Content must be robust enough that it can be interpreted by a wide variety of user agents, including assistive technologies.

Though Fluid focuses on helping you build more accessible interfaces, please be mindful not to leave it at that. Your whole process should become more inclusive. For example, you can make sure your user samples are diverse enough when you do research or tests in the field.

Fluid's modal dialog with Stark's contrast validation (10.09:1) for the x button.
Accessibility is not limited to contrasts. How would a screen reader vocalize the x button here for example? Cancel? Close? You decide!

Getting started with accessibility

Our commitment: accessible components

At Fluid, we pledge to deliver components as accessible as possible. See International Standards and Guidelines to learn more on the resources we rely on to do so.

Please be mindful though that:

  • You are still responsible for making your whole experience accessible. No matter the sense (sight, hearing, touch), consistency in use should remain the same for everyone. Only you can assure of that.
  • We may have missed accessibility issues. If you notice an accessibility inconsistency or bug, do not hesitate to reach out.

Everyone has a responsibility, you included

Our stance is that every role in a team has a responsibility to ensure the service they craft is accessible. For example:

Product Owner

Make sure your service is accessible and conformant with your local regulations.


Ensure optimal experiences for all (sight, hearing, touch).


Build a service applying WCAG 2.1 & ARIA specifications.


Validate the chain of accessibility is working as expected.

How to build accessible experiences with Fluid

To support you on your quest for accessibility, we have decided to document components specifically for developers and designers.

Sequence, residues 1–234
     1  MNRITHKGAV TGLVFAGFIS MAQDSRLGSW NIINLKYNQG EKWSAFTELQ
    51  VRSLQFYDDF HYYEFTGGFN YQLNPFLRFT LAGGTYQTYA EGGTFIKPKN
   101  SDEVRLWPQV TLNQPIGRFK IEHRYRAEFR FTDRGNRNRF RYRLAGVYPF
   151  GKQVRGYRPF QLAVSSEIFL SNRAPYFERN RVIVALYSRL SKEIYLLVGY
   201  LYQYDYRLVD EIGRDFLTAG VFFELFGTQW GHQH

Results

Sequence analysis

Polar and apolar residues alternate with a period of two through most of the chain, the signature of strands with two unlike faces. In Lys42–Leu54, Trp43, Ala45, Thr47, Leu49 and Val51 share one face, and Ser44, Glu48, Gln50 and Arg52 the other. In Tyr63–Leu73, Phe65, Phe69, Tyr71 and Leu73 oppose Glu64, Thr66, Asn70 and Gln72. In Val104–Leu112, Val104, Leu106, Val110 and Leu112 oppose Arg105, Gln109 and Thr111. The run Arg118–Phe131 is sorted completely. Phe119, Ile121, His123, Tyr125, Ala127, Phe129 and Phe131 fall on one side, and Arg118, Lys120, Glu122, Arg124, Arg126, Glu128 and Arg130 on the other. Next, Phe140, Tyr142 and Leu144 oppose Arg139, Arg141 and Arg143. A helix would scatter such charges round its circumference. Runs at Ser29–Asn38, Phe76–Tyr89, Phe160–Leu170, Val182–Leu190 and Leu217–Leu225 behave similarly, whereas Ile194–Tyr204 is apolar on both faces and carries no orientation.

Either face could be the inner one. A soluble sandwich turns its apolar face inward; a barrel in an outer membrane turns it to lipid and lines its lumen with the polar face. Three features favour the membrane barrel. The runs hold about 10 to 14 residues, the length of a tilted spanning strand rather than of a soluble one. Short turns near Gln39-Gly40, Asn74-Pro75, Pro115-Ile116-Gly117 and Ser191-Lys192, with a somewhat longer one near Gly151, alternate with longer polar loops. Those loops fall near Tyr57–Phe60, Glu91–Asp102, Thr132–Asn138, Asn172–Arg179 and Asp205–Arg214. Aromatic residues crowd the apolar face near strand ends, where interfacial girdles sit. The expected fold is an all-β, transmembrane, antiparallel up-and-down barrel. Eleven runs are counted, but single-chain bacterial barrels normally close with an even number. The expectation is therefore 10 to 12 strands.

For developers

Each component will be documented on the website. If you have any questions, don’t hesitate to reach out.

Any Issues? Contact Us!

For designers

Each component will be documented in figma in a new panel: Accessibility Checker. If you have any questions, don’t hesitate to reach out.

Any Issues? Contact Us!

International standards and guidelines

We rely on the following guidelines and standards to make sure our components are as accessible as possible:

Web Content Accessibility Guidelines (WCAG)

WCAG is an international standard. It has 3 levels of conformance, from lowest to highest: A, AA and AAA. WCAG (A & AA) is referenced in several international expectations regarding accessibility. For example:

Référentiel Général d’Amélioration de l’Accessibilité (RGAA)

This French “General Framework to Improve Accessibility” helps check that a web page is conformant to A & AA criteria of WCAG 2.1. This is the framework we leverage to make sure our web components are as accessible as possible and abide by French but also international expectations.

Accessible Rich Internet Applications (ARIA)

ARIA provides specifications for design patterns (accordion, combo box, modal dialog...) to help make them more accessible. It provides a definition and examples for the pattern, as well as expected attributes and keyboard interactions. Don’t hesitate to have a look when you are designing or developing new interactive components.

Any issues? Contact us!

Whether you would like to report an accessibility issue or are not sure on how to include accessibility, we are here to help. Don’t hesitate to reach out!

David de Vicente

Product Manager

Céline Bouillon

Accessibility Lead